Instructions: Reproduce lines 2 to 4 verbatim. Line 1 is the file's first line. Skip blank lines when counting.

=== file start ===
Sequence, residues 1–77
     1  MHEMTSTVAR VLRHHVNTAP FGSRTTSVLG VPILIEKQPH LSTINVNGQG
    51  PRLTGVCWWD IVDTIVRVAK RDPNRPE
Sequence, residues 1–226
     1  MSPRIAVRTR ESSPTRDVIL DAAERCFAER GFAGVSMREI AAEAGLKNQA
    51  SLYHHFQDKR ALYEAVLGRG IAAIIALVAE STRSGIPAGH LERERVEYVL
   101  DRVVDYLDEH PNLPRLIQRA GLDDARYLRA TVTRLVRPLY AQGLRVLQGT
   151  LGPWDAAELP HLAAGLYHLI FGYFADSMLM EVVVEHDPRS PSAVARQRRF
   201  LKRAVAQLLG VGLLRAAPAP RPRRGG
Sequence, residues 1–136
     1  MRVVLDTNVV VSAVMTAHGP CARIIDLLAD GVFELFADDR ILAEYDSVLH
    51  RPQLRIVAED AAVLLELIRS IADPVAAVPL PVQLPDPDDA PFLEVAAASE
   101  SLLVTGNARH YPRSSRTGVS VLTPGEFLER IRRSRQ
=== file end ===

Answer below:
     1  MHEMTSTVAR VLRHHVNTAP FGSRTTSVLG VPILIEKQPH LSTINVNGQG
    51  PRLTGVCWWD IVDTIVRVAK RDPNRPE
Sequence, residues 1–226